NASA’s GUSTO Scientific Balloon Sets Record

The floating observatory is flying at an altitude of more than 125,000 feet.

Launching from Antarctica, Galactic/Extragalactic ULDB Spectroscopic Terahertz Observatory (GUSTO) will fly a long-duration balloon carrying a telescope with carbon, oxygen, and nitrogen emission line detectors to measure emissions from the interstellar medium, the cosmic material found between stars. [Courtesy: NASA]

A scientific balloon mission underway at the South Pole has set the record for longest flight of any NASA heavy-lift, long-duration balloon mission, according to the space agency.

NASA launched the Galactic/Extragalactic ULDB Spectroscopic Terahertz Observatory (GUSTO) scientific balloon in late December from McMurdo Station in Antarctica in order to map portions of the Milky Way and nearby Large Magellanic Cloud (LMC). The telescope tethered to the balloon is collecting data that will be used in the making of a 3D map of the Milky Way and LMC dwarf galaxy near it using high-frequency radio waves.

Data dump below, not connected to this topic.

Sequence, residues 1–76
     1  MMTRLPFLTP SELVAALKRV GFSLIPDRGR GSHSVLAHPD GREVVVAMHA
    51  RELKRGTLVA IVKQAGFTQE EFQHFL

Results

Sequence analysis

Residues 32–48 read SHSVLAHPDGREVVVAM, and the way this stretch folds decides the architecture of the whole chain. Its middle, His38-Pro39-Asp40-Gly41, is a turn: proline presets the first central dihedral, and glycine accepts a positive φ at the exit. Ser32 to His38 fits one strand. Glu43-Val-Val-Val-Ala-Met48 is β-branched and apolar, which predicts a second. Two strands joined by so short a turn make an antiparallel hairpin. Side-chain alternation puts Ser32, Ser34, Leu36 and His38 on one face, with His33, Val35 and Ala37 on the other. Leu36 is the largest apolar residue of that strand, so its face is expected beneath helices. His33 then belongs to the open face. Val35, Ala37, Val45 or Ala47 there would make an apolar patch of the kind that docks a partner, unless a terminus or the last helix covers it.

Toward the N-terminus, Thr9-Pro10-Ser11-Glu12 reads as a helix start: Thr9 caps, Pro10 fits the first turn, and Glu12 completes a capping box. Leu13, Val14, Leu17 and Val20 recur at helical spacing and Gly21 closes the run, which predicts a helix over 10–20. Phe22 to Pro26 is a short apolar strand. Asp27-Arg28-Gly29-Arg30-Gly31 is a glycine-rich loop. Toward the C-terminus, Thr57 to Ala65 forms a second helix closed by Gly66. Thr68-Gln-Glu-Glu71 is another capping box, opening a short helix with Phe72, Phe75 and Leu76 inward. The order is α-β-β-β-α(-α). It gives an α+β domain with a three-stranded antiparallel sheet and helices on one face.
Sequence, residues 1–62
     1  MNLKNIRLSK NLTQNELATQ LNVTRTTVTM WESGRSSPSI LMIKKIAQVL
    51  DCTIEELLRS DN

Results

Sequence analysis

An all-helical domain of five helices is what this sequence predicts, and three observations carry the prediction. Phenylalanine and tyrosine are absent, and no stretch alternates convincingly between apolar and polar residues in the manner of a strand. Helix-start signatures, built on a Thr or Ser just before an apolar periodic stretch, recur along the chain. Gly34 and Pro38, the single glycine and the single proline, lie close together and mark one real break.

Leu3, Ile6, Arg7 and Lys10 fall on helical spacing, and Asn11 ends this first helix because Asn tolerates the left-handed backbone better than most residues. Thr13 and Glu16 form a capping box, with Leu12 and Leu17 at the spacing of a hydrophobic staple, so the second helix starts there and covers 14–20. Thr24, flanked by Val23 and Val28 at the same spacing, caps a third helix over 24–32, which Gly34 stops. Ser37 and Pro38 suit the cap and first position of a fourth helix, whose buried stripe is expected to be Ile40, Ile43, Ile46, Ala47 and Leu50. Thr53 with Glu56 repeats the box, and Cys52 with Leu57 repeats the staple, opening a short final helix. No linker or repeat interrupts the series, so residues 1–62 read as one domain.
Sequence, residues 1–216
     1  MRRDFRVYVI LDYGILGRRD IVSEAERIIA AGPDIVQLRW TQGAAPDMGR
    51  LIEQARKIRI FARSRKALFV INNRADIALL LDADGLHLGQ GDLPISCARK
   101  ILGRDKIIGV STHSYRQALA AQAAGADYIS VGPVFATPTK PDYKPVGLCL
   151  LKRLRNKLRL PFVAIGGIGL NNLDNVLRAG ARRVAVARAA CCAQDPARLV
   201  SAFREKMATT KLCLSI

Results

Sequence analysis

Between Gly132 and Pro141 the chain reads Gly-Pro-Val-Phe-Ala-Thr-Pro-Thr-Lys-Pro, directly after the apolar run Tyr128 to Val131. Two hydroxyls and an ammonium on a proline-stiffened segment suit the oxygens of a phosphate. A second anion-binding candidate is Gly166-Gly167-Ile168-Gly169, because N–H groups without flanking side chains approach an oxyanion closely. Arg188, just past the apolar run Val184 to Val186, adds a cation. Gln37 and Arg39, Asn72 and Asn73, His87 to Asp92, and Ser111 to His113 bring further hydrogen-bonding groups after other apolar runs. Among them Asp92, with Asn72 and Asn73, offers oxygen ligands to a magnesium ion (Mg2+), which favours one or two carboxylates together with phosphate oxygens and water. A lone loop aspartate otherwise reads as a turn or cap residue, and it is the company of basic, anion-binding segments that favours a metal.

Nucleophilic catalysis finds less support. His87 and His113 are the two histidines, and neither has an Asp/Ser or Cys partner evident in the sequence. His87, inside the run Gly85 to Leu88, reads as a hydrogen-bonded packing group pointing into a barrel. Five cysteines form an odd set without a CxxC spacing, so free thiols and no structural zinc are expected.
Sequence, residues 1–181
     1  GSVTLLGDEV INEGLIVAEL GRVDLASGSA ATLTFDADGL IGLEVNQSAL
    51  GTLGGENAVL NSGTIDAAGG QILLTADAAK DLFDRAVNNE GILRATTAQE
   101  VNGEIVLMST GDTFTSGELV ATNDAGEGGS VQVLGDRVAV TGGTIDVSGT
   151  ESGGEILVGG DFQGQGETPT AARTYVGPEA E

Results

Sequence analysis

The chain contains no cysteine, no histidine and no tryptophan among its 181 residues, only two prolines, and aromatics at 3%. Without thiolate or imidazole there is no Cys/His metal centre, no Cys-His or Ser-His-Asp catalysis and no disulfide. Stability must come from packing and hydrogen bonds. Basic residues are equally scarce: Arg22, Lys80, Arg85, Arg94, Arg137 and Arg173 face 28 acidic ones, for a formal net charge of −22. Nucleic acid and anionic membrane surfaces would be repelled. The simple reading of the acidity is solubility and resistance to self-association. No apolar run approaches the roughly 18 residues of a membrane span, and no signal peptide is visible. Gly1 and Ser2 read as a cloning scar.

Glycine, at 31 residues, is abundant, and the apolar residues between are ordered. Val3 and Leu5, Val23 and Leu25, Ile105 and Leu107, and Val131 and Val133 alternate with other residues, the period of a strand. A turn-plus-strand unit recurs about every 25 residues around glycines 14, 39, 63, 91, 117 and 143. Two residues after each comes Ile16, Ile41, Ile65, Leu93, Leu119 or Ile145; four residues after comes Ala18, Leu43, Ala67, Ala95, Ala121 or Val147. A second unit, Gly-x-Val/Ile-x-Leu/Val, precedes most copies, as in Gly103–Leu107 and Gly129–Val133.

The stadium-size scientific balloon is measuring emissions from the material between stars to help scientists determine the life cycle of interstellar gas in the Milky Way galaxy. The floating observatory is flying at an altitude of more than 125,000 feet, NASA said.

“NASA’s long-duration balloon program provides researchers the ability to fly state-of-the art payloads at the very edge of space, affording them the opportunity to make groundbreaking observations of the cosmos more frequently and at a significantly lower cost than conventional orbital missions,” GUSTO principal investigator Christopher Walker said in a statement.

On Saturday, the balloon beat the standing record of 55 days, 1 hour, and 34 minutes, and continues to circumnavigate the South Pole, the agency said. Prior to the feat, the record holder had been the Super Trans-Iron Galactic Element Recorder balloon mission, known as SuperTIGER, which launched in December 2012.

“The health of the balloon and the stratospheric winds are both contributing to the success of the mission so far,” said Andrew Hamilton, acting chief of NASA’s balloon program office at its Wallops Flight Facility in Virginia. “The balloon and balloon systems have been performing beautifully, and we’re seeing no degradation in the performance of the balloon. The winds in the stratosphere have been very favorable and have provided stable conditions for extended flight.”

The GUSTO mission was to run at least 60 days but will continue to fly in order for researchers to better understand the limits of long-duration ballooning, Hamilton said.

Kimberly is managing editor of FLYING Digital.

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